Scotiabank, Park Street.

Scotiabank has poured an additional $1 million dollars into the SickKids-Caribbean Initiative (SCI), which is set to enter its second phase.

SCI is aimed at improving the diagnosis and subsequent management of paediatric patients with cancer and blood disorders, as well as providing training and education in the areas of haematology/oncology, nursing, and laboratory services.

It was created with the support of SickKids Foundation in partnership with the SickKids Centre for Global Child Health, the University of the West Indies (UWI), Ministries of Health and key hospitals and institutions in The Bahamas, Barbados, Jamaica, St Lucia, St Vincent and the Grenadines, and Trinidad and Tobago.

Scotiabank had funded the initiative to improve access to health services for children in the Caribbean. Scotiabank’s involvement in Phase 1 as the main telemedicine partner, allowed for the completion of 7 telemedicine facilities across the region with Trinidad and Tobago currently benefiting through The Wendy Fitzwilliam Paediatric Hospital, Eric Williams Medical Sciences Complex in Champs Fleurs.

In a release yesterday, Scotiabank confirmed that Phase 2 of the initiative, which is set to run until March 1, 2022, will receive an additional $1 million Canadian dollars from Scotiabank.

Anya Schnoor, Executive Vice President, Caribbean, Central America and Uruguay, Scotiabank said, “We’re pleased that our support for the SCI has enhanced access to critical care for children in the Caribbean with cancer and blood disorders.”

She continued, “Guided by our core purpose—For Every Future, we want to help young people lead fulfilling lives. The SCI has also increased the capacity of doctors and nurses to provide timely, accurate diagnosis and high-quality follow-up care, helping ensure future paediatric patients can benefit.”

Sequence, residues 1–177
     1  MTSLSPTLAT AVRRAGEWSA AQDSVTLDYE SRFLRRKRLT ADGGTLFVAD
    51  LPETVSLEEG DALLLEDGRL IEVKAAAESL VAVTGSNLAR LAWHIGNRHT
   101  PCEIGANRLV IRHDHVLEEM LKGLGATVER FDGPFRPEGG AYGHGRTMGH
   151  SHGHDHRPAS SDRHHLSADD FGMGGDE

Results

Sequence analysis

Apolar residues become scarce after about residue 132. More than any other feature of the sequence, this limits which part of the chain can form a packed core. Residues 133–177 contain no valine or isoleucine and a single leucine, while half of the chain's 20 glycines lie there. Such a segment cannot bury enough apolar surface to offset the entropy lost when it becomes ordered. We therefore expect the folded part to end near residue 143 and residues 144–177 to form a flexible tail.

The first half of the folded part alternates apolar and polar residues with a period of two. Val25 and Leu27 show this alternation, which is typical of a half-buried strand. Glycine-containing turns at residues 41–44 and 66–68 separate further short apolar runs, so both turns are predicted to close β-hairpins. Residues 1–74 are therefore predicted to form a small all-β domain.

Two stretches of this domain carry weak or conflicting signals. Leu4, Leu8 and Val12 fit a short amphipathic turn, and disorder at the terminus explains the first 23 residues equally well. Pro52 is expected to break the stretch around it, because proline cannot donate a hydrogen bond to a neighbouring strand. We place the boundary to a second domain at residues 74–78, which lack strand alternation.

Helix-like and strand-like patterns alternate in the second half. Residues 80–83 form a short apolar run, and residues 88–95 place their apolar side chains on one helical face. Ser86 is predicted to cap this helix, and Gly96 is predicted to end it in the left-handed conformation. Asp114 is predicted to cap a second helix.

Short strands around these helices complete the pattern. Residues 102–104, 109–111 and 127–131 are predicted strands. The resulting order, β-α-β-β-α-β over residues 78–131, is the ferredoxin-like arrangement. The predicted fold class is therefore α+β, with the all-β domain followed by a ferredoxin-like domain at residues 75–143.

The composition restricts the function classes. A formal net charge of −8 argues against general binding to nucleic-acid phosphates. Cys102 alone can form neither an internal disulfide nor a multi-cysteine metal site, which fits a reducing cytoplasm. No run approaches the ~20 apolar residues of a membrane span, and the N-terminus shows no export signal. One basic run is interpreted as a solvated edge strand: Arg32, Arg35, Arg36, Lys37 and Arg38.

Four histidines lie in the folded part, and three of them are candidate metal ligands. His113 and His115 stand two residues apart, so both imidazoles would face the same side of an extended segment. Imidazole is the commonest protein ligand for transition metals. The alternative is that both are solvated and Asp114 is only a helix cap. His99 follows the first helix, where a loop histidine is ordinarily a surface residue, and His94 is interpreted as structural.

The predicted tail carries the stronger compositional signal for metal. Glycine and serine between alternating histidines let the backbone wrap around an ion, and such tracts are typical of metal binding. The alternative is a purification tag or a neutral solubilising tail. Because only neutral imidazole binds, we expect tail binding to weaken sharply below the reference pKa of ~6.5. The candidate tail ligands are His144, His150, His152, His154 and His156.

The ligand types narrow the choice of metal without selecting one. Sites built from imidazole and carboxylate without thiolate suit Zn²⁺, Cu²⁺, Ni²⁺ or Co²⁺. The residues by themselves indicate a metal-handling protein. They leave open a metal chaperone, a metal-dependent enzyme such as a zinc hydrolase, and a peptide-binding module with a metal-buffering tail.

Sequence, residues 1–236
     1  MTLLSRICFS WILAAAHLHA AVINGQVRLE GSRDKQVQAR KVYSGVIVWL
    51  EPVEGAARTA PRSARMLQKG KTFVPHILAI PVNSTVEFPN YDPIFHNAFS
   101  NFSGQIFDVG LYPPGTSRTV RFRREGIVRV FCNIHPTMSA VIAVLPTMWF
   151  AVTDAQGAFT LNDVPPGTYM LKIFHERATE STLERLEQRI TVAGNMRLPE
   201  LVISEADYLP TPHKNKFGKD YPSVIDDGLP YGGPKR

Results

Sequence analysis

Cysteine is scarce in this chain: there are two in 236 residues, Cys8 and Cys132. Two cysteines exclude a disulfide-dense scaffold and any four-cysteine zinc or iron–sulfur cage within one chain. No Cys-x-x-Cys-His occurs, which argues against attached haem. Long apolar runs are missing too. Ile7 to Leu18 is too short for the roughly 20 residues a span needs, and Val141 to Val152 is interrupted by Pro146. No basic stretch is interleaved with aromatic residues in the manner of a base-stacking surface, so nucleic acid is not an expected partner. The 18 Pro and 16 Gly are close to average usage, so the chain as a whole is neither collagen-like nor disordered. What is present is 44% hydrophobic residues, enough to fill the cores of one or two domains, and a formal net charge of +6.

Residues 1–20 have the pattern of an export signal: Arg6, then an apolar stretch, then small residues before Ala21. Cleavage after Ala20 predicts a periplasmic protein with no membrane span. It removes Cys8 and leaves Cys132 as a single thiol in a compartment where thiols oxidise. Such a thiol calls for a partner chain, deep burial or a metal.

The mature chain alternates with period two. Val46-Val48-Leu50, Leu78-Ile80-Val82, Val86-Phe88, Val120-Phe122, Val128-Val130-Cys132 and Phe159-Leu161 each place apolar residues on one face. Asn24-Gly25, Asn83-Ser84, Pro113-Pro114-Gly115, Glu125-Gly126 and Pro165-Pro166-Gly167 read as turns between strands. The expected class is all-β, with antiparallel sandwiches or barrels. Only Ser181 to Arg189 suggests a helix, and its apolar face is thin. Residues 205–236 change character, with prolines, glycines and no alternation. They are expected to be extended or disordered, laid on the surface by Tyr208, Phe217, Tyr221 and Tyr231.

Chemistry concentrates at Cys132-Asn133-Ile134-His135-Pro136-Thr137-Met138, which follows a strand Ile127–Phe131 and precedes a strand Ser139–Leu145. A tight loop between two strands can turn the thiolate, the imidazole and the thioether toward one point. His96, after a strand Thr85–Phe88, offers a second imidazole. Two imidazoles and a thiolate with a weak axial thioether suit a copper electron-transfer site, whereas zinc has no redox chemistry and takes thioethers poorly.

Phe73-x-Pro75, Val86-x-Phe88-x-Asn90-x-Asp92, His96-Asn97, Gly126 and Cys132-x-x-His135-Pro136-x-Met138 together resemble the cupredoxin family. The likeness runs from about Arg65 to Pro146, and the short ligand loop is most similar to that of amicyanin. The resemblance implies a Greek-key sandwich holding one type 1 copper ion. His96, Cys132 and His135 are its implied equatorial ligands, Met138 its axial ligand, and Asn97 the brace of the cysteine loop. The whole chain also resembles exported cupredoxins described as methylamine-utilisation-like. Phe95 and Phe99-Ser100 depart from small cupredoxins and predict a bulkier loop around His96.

In spite of the many challenges of the COVID-19 pandemic, the SCI has helped achieve the completion of 618 case consultations, 41 nurses, 5 Caribbean paediatricians trained or training in haematology/oncology, 504 specialised diagnostic tests for patients diagnosed with leukaemia and116,190 newborn sickle cell disease screening tests

Dr Curt Bodkyn, Paediatric Oncologist and SCI co-lead physician representative for Trinidad and Tobago said, “The excellent foundation laid by the SCI collaboration has ensured that the care for children with cancer and blood disorders in the Caribbean region is on a sure footing, both during this COVID-19 pandemic and beyond.”

Gayle Pazos­, Senior Vice President and Managing Director, Scotiabank Trinidad and Tobago added, “The progress the SCI has made to date is commendable. There have been several doctors and nurses from across the region, including from here in Trinidad and Tobago who have undergone paediatric haematology/oncology training and even fellowships at SickKids, thereby equipping us with experts to provide better health care, more precise diagnoses and greater recovery rates of children diagnosed with cancer and blood disorders. Moreover, there is a cohort of 14 nurses who have participated in the programme, navigating learning in the COVID-19 context and are set to graduate this month.”